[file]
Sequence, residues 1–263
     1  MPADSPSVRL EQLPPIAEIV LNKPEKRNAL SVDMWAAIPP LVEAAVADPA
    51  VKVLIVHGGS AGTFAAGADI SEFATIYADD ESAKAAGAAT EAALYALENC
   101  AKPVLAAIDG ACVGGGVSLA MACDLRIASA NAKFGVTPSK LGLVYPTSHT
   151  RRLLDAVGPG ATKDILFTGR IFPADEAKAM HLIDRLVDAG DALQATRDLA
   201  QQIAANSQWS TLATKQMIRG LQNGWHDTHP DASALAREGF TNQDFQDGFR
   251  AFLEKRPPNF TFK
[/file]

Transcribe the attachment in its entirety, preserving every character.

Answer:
Sequence, residues 1–263
     1  MPADSPSVRL EQLPPIAEIV LNKPEKRNAL SVDMWAAIPP LVEAAVADPA
    51  VKVLIVHGGS AGTFAAGADI SEFATIYADD ESAKAAGAAT EAALYALENC
   101  AKPVLAAIDG ACVGGGVSLA MACDLRIASA NAKFGVTPSK LGLVYPTSHT
   151  RRLLDAVGPG ATKDILFTGR IFPADEAKAM HLIDRLVDAG DALQATRDLA
   201  QQIAANSQWS TLATKQMIRG LQNGWHDTHP DASALAREGF TNQDFQDGFR
   251  AFLEKRPPNF TFK